Lawrence Hall’s DEI Committee strives to ensure Lawrence Hall is a diverse, equitable environment of belonging and inclusivity. Having “brave conversations” about diversity, equity, and inclusion (DEI) in the workplace is a necessity for healthy company culture and requires honesty, compassion, and self-reflection of all involved. Our Brave Conversations Series highlights topics not normally discussed but that have deep, personal impacts on our staff, youth, families, and communities.
April is Arab American Heritage Month, so this month’s Brave Conversations will attempt utilize issues facing Arab Americans to shape understanding of the need for DEI initiatives. Today’s topic is workplace psychological safety
Psychological safety is the belief that you won’t be punished or humiliated for speaking up with ideas, questions, concerns, or mistakes. What is psychological safety at work in particular? It’s a shared belief held by members of a team that others on the team will not embarrass, reject, or punish you for speaking up.
You may look around at your coworkers and say, “we are a diverse team,” but being diverse is just one part of it. You must ask yourself; do you feel like you belong to that team? There is a worldwide consensus that more diverse teams will outperform less diverse teams. The thought is that different perspectives, ideas, and opinions in diverse teams are essential to achieving breakthrough and innovation. Which in theory is true, but in practice diverse teams often underperform relative to non-diverse teams. Why? They face communication challenges that get in the way. People with similar backgrounds share norms and assumptions about how to behave, how to set priorities, and at what pace to do the work. When team members come from different backgrounds, these taken-for-granted habits frequently clash, leading to misunderstanding and frustration. Being diverse is not being inclusive.
The are many historical barriers to psychological safety amongst diverse teams. Microaggressions—subtle acts of exclusion that demean, belittle or harm—can reinforce an insider/outsider dynamic and undermine psychological safety. A comment about a Black worker’s hairstyle or an Asian colleague’s accent, or an assumption that a Latinx worker can easily translate a document into Spanish, or endorsing stereotypes that Arab-Americans all wear head coverings; all undermined trust and destroy any sense of psychological safety.
A 2007 study done by Derald Wing Sue discusses how individuals who were born, raised, or lived a significant amount of time in the US are still often treated like foreigners. Many of these participants were Arab-American and spoke on their experiences of not feeling psychologically safe. One participant shared: “I walked up and he [coworker] goes, ‘What are you, Indonesian?’ You know he made it seem like I must be from another country or something.” Often Arab-Americans experience situations in which others make them feel as if they do not belong in the US, even though they were born in the US or consider the US to be their home. Such experiences communicate that these individuals do not belong in the US, subtly communicating that there is a certain way of being or looking American.
One participant discussed an incident in which she introduced herself during class in a large lecture hall: “Everyone just got up and was just like staring at me . . . but they didn’t say anything.” Because of her Arabic name, she felt that everyone went out of their way to look at her. But although no one said anything blatantly discriminatory, she still felt uncomfortable by her peers. These scenarios communicated a message that the participants did not belong, were not welcome, or both. As a result, participants reported feeling angry, sad, belittled, and frustrated.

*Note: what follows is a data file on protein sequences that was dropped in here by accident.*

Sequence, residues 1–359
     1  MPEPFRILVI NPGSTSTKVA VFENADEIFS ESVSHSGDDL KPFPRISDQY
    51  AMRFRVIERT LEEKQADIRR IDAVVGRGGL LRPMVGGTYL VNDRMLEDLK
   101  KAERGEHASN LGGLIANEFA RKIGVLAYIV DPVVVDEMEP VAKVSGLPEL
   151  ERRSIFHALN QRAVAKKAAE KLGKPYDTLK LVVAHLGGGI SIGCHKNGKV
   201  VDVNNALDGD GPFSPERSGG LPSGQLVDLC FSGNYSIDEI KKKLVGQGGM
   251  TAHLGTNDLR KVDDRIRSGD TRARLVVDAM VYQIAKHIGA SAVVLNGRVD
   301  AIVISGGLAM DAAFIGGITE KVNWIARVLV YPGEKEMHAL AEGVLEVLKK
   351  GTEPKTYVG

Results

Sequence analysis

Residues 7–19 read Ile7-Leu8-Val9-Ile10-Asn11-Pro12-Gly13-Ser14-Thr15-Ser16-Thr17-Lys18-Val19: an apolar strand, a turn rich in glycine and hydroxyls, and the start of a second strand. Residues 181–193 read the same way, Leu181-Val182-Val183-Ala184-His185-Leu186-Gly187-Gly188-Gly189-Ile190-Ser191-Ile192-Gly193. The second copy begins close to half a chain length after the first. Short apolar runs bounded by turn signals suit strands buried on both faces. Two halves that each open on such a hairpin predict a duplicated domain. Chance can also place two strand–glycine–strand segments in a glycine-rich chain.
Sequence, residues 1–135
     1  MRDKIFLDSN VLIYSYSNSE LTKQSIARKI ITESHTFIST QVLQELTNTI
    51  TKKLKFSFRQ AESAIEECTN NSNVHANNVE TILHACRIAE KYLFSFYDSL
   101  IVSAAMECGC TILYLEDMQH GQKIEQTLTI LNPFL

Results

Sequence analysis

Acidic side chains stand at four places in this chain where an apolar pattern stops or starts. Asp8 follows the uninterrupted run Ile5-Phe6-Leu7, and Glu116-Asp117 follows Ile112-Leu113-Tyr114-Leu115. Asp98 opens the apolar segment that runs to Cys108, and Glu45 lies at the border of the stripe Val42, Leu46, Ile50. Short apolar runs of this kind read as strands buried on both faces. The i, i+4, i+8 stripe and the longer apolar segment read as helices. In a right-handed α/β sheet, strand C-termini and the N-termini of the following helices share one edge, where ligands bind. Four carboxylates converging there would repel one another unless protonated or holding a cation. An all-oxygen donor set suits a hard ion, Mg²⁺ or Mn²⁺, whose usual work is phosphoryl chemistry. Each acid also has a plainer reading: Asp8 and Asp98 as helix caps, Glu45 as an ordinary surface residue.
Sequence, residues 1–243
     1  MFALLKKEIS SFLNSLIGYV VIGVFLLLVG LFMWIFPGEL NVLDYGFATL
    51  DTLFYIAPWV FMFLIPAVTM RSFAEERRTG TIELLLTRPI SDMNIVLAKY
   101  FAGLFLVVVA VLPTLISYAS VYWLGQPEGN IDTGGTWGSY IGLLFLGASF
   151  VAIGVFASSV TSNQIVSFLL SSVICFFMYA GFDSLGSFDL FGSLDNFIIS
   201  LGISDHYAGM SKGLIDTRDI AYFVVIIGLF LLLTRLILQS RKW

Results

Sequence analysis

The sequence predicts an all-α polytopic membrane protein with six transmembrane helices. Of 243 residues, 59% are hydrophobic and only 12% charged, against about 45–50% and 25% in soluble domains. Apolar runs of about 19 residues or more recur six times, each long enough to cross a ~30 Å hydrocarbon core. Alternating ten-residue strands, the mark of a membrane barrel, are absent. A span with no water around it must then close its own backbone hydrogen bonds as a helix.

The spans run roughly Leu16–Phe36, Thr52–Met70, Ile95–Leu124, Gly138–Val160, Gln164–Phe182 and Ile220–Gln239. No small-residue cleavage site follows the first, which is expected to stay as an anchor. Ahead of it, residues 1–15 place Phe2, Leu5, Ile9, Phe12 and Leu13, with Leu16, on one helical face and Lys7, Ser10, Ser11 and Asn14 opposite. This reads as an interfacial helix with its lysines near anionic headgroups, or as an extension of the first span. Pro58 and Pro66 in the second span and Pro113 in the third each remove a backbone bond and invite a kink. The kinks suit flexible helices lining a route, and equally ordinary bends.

A workplace that does not have real inclusion can lead to a bevy of microaggressions nurtured by homogeny, making people too afraid to contribute their thoughts in meetings, participate in discussions, or take risks in their work because any misstep could be used to harm their credibility and damage their standing in the organization. A psychologically unsafe environment can be devastating to our self-esteem and mental health. Going into work and being constantly fearful that our expertise is going to be questioned, mocked, attacked, or disregarded is fundamentally unhealthy.
Why People Don’t Speak Up at Work
Leveraging Diversity Through Psychological Safety
The Role of Psychological Safety in Diversity and Inclusion
5 Steps and 15 Work Practices to Enhance Psychological Safety
What we can learn about psychological safety from Pixar
Ford V Ferrari (2019) — directed by James Mangold
Monsters, INC (2001) — directed by Pete Docter
The Intern (2015) — directed by Nancy Meyers
Barbershop (2002) — directed by Tim Story
Parks and Recreation (Peacock)
Black Fatigue: How Racism Erodes the Mind, Body, and Spirit
Psychological Safety: The key to happy, high-performing people and teams
Dr Dan Radecki PhD and Leonie Hull
The Fearless Organization: Creating Psychological Safety in the Workplace for Learning, Innovation, and Growth
Amy C. Edmondson
Subtle Acts of Exclusion: How to Understand, Identify, and Stop Microaggressions
Morning Train (Nine To Five) — Sheena Easton
Shiftwork — Kenny Chesney and George Strait
She Works Hard For The Money — Donna Summer
Take This Job And Shove It — Johnny Paycheck
Epiphany — Taylor Swift
9 To 5 — Dolly Parton
Psychological Safety in Theory and In Practice — The Anxious Achiever
Creating Psychological Safety in the Workplace — Harvard Business Review IdeaCast
The Fearless Organization: Creating Psychological Safety in the Workplace for Learning, Innovation, and Growth — The Innovation Show
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